Study: Limited Competition Results in Caps, Overages
Just Another Price Hike in Sheep's Clothing
A new study by the Open Technology Institute (OTI)
will surprise none of our regular readers, OTI finding that limited competition can be thanked for the rise in low caps and high overages on fixed line broadband networks.
Carriers have argued (lied, frankly) that such penalties are necessary due to network congestion or financial well being, despite the fact that flat-rate pricing has been perfectly profitable, the costs of delivering broadband continue to plummet, and most well-run fixed-line networks experience limited to no substantive congestion.
According to the OTI, caps and overages on fixed line networks simply act to raise the already high profit margins of broadband providers, while jacking up prices that are already high due to the limited competition that makes caps possible in the first place. As we've noted, most caps have been implemented to protect TV revenues from Internet video. Carriers can't honestly state this is just a cash grab, so they enjoy insulting consumer intelligence by insisting that more restrictions and higher rates are acts of altruism.
"Data caps may be good for the short-term profits of broadband providers and please investors, but they are not benefiting innovation or access to the Internet," said OTI Policy Director Benjamin Lennett. "Costs for providing broadband connectivity are continuing to decline, yet Americans continue to face higher prices for a service that is no longer a luxury."
Carriers of course pay well-heeled academics to argue otherwise. In fact an NCTA cable trade show last week featured several speakers paid to insist that caps and overages are a healthy result of the "vibrant competition in the marketplace." The millions of customers stuck on capped AT&T DSL because they have no other options would likely have something to say about that.
Re: Stuck on capped DSL!?
said by rradina:While it's only 50 MHz, there are exclusion zones, and mostly WiMAX is used, isn't that basically the idea behind the lightly licensed 3.65 GHz band?
I think we should figure out a way to allocate 100mhz for fixed-LTE startups.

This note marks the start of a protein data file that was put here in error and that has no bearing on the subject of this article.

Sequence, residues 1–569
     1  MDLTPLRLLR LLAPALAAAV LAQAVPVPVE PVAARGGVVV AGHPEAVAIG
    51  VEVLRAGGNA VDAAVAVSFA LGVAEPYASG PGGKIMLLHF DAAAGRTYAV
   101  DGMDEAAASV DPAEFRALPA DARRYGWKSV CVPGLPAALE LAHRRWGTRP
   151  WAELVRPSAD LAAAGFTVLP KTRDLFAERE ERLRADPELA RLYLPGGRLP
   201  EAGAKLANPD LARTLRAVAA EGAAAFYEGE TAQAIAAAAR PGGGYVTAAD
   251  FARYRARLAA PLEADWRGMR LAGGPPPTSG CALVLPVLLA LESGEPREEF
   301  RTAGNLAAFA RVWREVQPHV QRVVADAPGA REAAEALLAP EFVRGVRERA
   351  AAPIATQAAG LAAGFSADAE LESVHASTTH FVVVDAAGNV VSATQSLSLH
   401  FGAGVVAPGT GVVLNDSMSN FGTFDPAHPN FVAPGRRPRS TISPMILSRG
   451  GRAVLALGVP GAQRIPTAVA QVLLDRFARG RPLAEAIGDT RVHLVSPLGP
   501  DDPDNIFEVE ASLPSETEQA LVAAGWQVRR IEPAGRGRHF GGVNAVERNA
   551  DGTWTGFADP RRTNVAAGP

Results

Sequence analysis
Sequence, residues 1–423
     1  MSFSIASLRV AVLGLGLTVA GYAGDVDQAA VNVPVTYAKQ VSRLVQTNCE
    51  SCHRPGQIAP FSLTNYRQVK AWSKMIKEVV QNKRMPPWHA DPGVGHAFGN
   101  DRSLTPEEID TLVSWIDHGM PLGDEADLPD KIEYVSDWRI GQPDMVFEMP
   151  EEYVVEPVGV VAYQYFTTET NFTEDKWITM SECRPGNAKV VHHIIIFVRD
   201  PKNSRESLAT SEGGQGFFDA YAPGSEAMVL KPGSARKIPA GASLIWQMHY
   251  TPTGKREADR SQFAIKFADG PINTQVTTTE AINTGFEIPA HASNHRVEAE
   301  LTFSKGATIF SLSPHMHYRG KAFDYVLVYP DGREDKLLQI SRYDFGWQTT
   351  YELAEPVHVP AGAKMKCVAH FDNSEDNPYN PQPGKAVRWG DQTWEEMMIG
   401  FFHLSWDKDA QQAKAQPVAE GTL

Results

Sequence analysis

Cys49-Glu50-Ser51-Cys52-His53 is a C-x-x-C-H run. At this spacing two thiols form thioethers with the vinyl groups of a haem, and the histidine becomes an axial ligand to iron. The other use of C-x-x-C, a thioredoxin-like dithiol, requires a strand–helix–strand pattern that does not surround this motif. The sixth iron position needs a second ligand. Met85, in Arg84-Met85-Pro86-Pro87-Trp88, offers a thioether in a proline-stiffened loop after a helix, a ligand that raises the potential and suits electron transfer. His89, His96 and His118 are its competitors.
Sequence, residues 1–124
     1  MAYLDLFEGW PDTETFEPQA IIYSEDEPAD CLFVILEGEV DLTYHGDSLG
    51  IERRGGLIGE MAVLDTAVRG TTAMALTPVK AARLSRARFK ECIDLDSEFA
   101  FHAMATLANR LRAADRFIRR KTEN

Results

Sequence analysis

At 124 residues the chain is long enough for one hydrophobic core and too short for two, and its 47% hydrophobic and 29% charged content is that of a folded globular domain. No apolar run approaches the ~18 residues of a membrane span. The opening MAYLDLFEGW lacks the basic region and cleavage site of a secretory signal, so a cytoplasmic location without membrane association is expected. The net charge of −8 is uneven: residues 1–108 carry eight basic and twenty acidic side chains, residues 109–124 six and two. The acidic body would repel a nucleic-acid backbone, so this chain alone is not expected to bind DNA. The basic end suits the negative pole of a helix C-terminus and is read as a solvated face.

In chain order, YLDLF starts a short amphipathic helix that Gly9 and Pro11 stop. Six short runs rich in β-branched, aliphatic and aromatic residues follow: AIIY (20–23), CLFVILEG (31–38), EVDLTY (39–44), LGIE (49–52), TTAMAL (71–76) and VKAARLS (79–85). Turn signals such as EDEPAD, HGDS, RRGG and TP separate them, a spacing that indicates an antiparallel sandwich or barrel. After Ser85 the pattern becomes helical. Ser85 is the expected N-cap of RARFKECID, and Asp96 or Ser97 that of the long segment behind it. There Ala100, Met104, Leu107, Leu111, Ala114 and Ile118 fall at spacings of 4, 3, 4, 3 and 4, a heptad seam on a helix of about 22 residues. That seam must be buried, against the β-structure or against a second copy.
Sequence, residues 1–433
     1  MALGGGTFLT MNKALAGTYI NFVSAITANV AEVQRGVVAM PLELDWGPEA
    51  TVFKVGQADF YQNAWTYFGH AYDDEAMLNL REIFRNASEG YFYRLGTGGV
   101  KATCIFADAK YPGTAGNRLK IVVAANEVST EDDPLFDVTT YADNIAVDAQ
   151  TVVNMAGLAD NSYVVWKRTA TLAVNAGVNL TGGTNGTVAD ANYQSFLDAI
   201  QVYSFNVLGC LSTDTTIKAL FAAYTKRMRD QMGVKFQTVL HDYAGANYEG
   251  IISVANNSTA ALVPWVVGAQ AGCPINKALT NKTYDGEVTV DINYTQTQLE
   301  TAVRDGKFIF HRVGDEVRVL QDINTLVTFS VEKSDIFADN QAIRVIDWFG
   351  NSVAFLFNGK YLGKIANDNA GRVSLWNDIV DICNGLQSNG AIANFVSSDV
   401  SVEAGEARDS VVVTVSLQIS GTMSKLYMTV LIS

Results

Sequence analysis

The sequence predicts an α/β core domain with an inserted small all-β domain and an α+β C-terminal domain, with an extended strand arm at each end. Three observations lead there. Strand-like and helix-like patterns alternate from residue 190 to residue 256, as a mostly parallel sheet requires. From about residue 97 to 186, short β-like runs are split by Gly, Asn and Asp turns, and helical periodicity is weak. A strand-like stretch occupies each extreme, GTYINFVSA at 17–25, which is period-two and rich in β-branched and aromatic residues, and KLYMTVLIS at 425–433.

Re: Stuck on capped DSL!? That frequency is pretty high and would not penetrate well -- or are you thinking point-to-point, roof-mounted directional antennas? I guess that's possible since it's fixed but I was thinking more along the lines of Clear's 2.5Ghz frequency where a few more towers are needed but not so many that it's too cost prohibitive. I know there are frequency sweet spots but surely the government could move something it does somewhere else and let that be used for competitive last-mile providers.
If you are served by Clear, it doesn't require an outdoor antenna. The indoor modem doesn't look any different than a typical cable modem. I think that's the kind of consumer-friendly competition our current monopoly/oligopoly needs.
It should be this simple:
1) Go to Wal-Mart, Best Buy, Target, pick up a $99 standards-based wireless modem.
2) When you plug it into your WiFi router or directly into your computer and browse to any site, it interrupts your browsing session while it searches for available providers in your area.
3) Hopefully it comes back with an "App Store" of several choices. As you select each choice, that provider returns their packages and pricing.
4) Choose the provider/plan best for you, enter a credit card, checking account number, paypal or whatever and the service starts.
5) If the service stinks (either because poorly managed, oversold or that provider's signal is fringe for your location), by law all plans can be cancelled without penalty regardless of "contract" duration within 90 days.
For support purposes, the standards based modems keep extensive logs of signal strength, latency, congestion, link speed and whatever else might help and this data is instantly available to the provider. The modem also obeys a standard management interface that allows the ISP to manipulate its configuration as needed.
Now that we have the last-mile connection, on the store shelf right next to the modem is a standards-based streaming video device. Buy it for $99, plug it in and an App Store of service providers and packages appear. Buy the content you want, ignore the content you don't want. Buy as many $99 devices for as many TVs as you want. Eventually, these devices are just built into the TVs themselves. There's also a software version for desktops, laptops, tablets, phones, etc.
Why can't we do something like this?
| |antdudeA Ninja AntPremium,VIPReviews:
·Time Warner Cable
said by baineschile:I am just a consumer. I can't even build my own computer. :P
So start a wireless data company. There is obviously a large niche out there.
People are quick to compain, but rare to act.
Santa Monica, CA
"Study" ? This "report" is void of fact. There is not one instance, in which they can cite a single carrier implicating caps as a means to enhance revenues.
An admission that caps work over the entirety of the billing period, versus peak hours, does not disqualify their utility in curbing abuse and shaping consumption.
Flat rate billing models are indeed, profitable, so long as they are not abused. Torrents and those who would intentionally max out their pipe, for no other reason than to max out their pipe, have ruined the "unlimited" potential for everyone, so some form of limits are required. Caps are just one.
Sonic doesn't sell its FTTH to businesses, Google doesn't permit servers on theirs.